My great friend Nigel has put his new scanner into operation and forwarded me photos taken on some of our earlier forays into the Ruahines. As Nigel now lives in South Korea some of these I have not seen in years and the emotions they invoke upon me are very strong. Much like Nigel's continuing presence is with me whenever I venture forth into the mountains. The memories of these trips linger in my mind like the smell of wood smoke still there upon some of my gear now stored in the garage, and as I look at these photos it releases once again powerful memories and reinforces this strange and beautiful hold on my soul the Ruahines maintain.
Above is another early morning at Sunrise hut, John gazing out upon the east coast plains. Judging by the ice and snow on the ground, this would have been October, 2000. Nigel, John and I walked up in the dark with headlamps, then on this morning to Maropea Forks. According to my notes we made it from Sunrise to Maropea Forks in less than 5 hours. Oh the good ol' days! It took me 7 to do the same walk this summer. Though having written that, in 2000 it was only a few months since I had crossed with Gustav, and I had no problems with my hip. And truth be told it is such an amazing walk it should take 7 hours.
It is hard to believe in the above series of photos that it is summer, though in the mountains it why we carry the gear we do. Yet indeed it was, Jan. 2003, and I recall it was very cold. We are along the eastern side of the ranges near Longview hut. Our original intention had been to cross Sawtooth ridge and proceed to Waterfall hut and beyond. We spent two days waiting at Howlett's hut for the weather to clear. It was a combination of wind, rain, cloud, and very cold. At the time it seemed somewhat disappointing, but now, with luxury of hindsight, I realize how much I learned and how fortunate I was to be weather bound in a high mountain hut with these two excellent men. The third day we retreated back down to Daphne hut, then climbed up to this ridge and over to Longview. Then we climbed down into the headwaters of the Pohangina river and down to Top Gorge hut the next day. It was a day of sunshine and blue sky, rivaling the weather we experienced this summer and we relished such a day on the beautiful and mysterious Pohangina river.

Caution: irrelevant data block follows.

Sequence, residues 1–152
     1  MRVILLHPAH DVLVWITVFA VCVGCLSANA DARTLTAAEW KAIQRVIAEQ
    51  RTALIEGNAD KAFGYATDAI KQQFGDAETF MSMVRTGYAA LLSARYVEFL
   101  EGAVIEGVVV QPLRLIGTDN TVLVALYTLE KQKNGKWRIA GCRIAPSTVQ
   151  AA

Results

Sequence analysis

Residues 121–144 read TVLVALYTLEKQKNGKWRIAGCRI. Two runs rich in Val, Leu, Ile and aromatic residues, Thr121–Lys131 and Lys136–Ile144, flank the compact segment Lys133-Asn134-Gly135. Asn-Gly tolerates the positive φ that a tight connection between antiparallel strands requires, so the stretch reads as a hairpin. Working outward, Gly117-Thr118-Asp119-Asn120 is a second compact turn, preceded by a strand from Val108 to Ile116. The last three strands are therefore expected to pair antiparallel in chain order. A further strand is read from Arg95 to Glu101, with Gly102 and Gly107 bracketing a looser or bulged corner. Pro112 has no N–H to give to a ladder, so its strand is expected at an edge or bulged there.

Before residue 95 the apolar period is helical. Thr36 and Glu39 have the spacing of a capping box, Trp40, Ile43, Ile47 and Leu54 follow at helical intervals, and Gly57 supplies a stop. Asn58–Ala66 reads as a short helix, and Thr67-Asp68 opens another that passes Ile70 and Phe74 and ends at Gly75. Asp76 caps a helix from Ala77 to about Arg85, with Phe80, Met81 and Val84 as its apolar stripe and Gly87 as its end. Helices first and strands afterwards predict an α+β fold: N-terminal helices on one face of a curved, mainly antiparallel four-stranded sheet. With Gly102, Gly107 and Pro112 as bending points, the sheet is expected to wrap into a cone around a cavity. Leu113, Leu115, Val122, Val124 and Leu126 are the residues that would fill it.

Entry from notebook, 13 Jan. 2003 : "Still at Howlett's hut. The weather has truly packed in after starting to rain and sleet when we hit the bush line yesterday afternoon. As we have some major open tops work crossing Sawtooth, and even more over to Waterfall, we know we cannot do it in these conditions. We had a long sleep in and are about to gear up to take a wander down the spur towards Tiraha. Hopefully the weather will come right, but I can think of worse places to wait it out.
4:45 p.m. : Walked up to Tiraha in the mist and cloud. It is a fairly long pull on its own, and truly spectacular scenery - even in the clouds, which simply add to the eerie remoteness. We saw a fleetingly brief glimpse of a portion of Sawtooth, enough to grasp the seriousness of the job required, climbed a very steep gut to a small saddle then up to Tiraha where it began to pour on us. Couldn't see anything beyond 10 metres. Then we we returned to the hut, happy to see it appear out of the mist. We just have to wait until morning to make any kind of call. This is not an area to be trifled with, some very serious country. If it is cloudy, or windy, or both!, well then I think Sawtooth will have to wait, it ain't going nowhere. We may have to develop a contingency plan. This is what teaches patience, and simply enjoying the gifts we are given."